The 2015 NFL season is almost upon us, which is good news for teams who had subpar seasons in 2014. Right now, the slate for everyone is wiped clean at 0-0.
Of course, NFL teams never enjoy a true fresh start.
Sure, the influx of young talent through the draft helps—and the worse the 2014 season, the better the talent—but many teams are still saddled with the problems that plagued them in 2014, be that incompetent coaching, lack of playmakers on either side of the ball or poor quarterback play.
With all that being said, which teams are on the verge of a flashy comeback in 2015?
We'll take three factors—coaching, rookies and free-agent additions, and quarterback play—and use them to predict win totals for the league's underdogs in 2014.
2014 record: 3-13
Predicted 2015 record: 8-8
The Oakland Raiders haven't finished above .500 in any season since 2002, though the team did finish at 8-8 in both 2010 and 2011.
That's where the team is predicted to land once again in 2015, and while it may not be the elusive winning record the organization has been chasing for over a decade, it's a marked improvement from its three-win showing in 2014.
New head coach Jack Del Rio is establishing a "winning attitude" in Oakland, his offensive line coach Mike Tice said on a SiriusXM NFL Radio interview in July, per Raiders.com.
Del Rio's players and staff are buying into that attitude as well, and given the talent general manager Reggie McKenzie has assembled on the roster, the team may have something to be legitimately excited about this season.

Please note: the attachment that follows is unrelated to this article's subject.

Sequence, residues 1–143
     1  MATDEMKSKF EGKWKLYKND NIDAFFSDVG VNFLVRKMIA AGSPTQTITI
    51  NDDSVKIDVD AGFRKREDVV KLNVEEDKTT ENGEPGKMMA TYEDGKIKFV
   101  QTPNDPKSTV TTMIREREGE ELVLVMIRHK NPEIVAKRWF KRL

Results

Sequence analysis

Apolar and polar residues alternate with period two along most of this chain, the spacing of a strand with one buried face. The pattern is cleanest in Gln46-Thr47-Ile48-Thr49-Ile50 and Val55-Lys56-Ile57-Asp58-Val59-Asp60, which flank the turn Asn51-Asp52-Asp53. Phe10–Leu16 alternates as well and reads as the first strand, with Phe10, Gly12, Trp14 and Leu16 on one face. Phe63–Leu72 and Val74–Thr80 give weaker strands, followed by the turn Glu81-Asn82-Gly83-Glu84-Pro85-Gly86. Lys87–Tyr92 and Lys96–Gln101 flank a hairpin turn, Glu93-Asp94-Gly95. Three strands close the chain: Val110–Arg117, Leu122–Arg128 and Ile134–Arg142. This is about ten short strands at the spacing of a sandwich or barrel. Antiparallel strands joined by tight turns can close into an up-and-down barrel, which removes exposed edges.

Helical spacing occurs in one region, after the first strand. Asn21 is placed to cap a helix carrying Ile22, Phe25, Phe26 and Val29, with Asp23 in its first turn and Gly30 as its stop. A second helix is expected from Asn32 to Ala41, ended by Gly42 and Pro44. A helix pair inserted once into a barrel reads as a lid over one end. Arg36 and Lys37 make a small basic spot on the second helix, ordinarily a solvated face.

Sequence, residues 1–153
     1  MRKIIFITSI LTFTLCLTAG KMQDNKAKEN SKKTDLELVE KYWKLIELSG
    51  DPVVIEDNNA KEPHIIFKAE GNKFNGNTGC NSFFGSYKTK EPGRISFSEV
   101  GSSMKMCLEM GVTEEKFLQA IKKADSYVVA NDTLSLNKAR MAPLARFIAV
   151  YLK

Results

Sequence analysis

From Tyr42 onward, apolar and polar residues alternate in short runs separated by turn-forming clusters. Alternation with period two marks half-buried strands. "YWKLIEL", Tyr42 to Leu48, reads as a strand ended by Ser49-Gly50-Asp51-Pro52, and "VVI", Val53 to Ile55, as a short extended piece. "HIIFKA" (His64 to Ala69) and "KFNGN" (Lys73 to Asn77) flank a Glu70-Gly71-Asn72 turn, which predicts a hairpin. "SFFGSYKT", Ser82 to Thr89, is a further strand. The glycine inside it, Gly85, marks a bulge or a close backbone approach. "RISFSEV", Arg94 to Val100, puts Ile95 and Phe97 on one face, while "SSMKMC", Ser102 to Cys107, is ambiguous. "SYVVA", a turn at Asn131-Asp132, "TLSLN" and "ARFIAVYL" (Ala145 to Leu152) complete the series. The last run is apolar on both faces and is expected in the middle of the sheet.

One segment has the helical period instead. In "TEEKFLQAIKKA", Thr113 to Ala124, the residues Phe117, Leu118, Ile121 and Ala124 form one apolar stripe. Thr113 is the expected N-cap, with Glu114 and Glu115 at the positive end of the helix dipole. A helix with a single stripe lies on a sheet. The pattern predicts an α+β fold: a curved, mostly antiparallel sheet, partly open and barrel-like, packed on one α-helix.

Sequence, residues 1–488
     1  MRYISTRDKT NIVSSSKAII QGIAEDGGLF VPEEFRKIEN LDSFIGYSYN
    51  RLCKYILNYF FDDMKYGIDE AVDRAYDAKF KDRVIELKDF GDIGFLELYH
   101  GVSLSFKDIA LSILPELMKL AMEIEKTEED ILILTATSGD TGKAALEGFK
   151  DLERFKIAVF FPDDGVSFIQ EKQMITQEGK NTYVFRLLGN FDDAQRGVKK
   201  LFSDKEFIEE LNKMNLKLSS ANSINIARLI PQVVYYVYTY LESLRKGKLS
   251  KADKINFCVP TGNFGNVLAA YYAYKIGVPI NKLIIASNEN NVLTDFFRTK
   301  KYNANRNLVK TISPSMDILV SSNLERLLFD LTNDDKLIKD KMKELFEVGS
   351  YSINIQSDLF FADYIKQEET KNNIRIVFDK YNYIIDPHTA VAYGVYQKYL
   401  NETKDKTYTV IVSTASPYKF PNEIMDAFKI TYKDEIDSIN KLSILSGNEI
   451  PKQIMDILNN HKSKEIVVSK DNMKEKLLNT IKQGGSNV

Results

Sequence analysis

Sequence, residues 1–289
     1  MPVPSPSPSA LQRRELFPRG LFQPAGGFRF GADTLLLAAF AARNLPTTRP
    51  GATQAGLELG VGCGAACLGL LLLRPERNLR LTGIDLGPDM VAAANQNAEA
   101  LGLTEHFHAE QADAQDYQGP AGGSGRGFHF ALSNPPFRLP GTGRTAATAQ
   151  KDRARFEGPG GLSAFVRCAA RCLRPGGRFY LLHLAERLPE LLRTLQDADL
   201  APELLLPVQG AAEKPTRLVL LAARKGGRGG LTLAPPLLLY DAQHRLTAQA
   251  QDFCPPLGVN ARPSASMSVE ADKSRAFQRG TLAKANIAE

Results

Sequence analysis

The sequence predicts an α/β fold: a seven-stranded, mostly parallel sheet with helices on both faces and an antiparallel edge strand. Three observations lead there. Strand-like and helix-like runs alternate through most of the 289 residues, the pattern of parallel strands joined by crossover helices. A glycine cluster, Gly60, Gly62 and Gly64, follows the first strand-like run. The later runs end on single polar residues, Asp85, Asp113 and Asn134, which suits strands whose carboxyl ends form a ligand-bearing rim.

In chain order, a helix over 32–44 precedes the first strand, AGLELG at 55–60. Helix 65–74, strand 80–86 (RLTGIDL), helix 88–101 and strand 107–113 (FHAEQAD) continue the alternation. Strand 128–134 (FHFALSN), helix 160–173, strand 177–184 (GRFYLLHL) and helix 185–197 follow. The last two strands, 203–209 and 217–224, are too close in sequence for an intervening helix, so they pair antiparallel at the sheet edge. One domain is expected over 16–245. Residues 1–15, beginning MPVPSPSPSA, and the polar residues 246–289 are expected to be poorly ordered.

It all starts with second-year quarterback Derek Carr. Carr showed flashes of excellence in his rookie season but was held back by "an awful supporting cast," as one opposing defensive coordinator put it, per ESPN.com's Mike Sando.
Carr had a subpar offensive line, pedestrian weapons and a limited run game to help him in 2014.
Oakland was last in the league last season in rushing yards per game with just 77.5. Many other teams had top rushing weapons who topped that mark individually every week.
That meant Oakland couldn't keep defenses honest, and Carr struggled to get anything going in the passing game. The 216 receiving yards the Raiders averaged per game was 28th in the league.
Now, however, Oakland added veteran Michael Crabtree and rookie sensation Amari Cooper in the offseason, dramatically improving the quality of Carr's weapons. And second-year running back Latavius Murray, who is in the lead for the No. 1 job, per Doug Williams of NBC Bay Area news, can give Carr the support he needs on the ground.
The Raiders also strengthened the defense this offseason, targeting defensive tackle Mario Edwards Jr. in the draft and adding safety Nate Allen, cornerback James Dockery, linebacker Curtis Lofton and linebacker Malcolm Smith in free agency.
Those players will join standout linebacker Khalil Mack and cornerback D.J. Hayden to bolster both the front and the secondary.
Given the new weapons they added for Carr and the defensive improvements they made, the Raiders should be able to reach .500 on the season.
The Raiders are tied at seventh in strength of schedule for 2015, per CBSSports.com. While games against the Baltimore Ravens, Denver Broncos and Green Bay Packers could prove challenging, Oakland also faces the Cleveland Browns, Chicago Bears and Tennessee Titans—all games which could be winnable.
2014 record: 2-14
Predicted 2015 record: 7-9
Speaking of the Titans, can Tennessee claw its way out of the hole it found itself in by the end of the 2014 season?